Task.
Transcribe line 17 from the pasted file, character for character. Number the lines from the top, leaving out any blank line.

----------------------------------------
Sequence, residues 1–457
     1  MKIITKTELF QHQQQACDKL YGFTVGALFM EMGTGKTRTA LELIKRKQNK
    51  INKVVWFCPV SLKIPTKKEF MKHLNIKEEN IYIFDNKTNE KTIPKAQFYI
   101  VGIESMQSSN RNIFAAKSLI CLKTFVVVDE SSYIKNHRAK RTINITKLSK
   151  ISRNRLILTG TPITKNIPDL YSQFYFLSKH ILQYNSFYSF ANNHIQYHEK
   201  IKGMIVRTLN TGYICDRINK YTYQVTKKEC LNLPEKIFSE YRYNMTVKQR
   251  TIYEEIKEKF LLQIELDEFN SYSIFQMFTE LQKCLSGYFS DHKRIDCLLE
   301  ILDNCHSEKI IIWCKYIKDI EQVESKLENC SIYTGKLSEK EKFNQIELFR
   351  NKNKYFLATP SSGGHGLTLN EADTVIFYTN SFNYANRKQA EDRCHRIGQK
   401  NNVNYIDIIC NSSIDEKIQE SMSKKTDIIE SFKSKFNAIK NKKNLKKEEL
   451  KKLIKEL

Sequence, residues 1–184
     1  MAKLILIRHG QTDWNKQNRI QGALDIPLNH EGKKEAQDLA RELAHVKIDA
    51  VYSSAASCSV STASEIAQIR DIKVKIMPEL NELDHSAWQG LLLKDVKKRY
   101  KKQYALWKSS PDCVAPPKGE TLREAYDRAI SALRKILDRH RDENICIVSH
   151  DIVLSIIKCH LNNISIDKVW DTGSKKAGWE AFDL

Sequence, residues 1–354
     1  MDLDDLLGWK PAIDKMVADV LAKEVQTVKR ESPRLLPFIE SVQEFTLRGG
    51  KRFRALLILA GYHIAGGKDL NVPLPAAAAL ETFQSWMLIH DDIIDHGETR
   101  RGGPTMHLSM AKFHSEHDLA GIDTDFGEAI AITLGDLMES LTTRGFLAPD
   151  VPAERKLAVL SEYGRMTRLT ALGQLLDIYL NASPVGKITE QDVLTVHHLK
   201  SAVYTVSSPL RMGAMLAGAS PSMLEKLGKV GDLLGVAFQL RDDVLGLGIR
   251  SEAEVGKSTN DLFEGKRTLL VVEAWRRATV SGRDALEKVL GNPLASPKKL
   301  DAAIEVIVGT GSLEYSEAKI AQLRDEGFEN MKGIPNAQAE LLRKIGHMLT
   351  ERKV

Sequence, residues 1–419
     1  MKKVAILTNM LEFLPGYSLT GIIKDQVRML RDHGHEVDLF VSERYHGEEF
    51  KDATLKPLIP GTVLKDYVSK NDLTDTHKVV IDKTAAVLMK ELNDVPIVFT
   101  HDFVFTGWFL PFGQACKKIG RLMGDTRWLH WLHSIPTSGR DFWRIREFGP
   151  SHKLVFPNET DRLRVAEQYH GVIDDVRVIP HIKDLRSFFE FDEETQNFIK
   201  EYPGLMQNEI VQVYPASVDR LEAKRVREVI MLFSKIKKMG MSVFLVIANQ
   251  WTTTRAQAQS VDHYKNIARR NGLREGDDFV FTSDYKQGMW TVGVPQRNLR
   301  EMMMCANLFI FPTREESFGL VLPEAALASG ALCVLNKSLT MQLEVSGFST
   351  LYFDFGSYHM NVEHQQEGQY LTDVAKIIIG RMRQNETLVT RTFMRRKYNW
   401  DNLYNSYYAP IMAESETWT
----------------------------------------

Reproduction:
Sequence, residues 1–354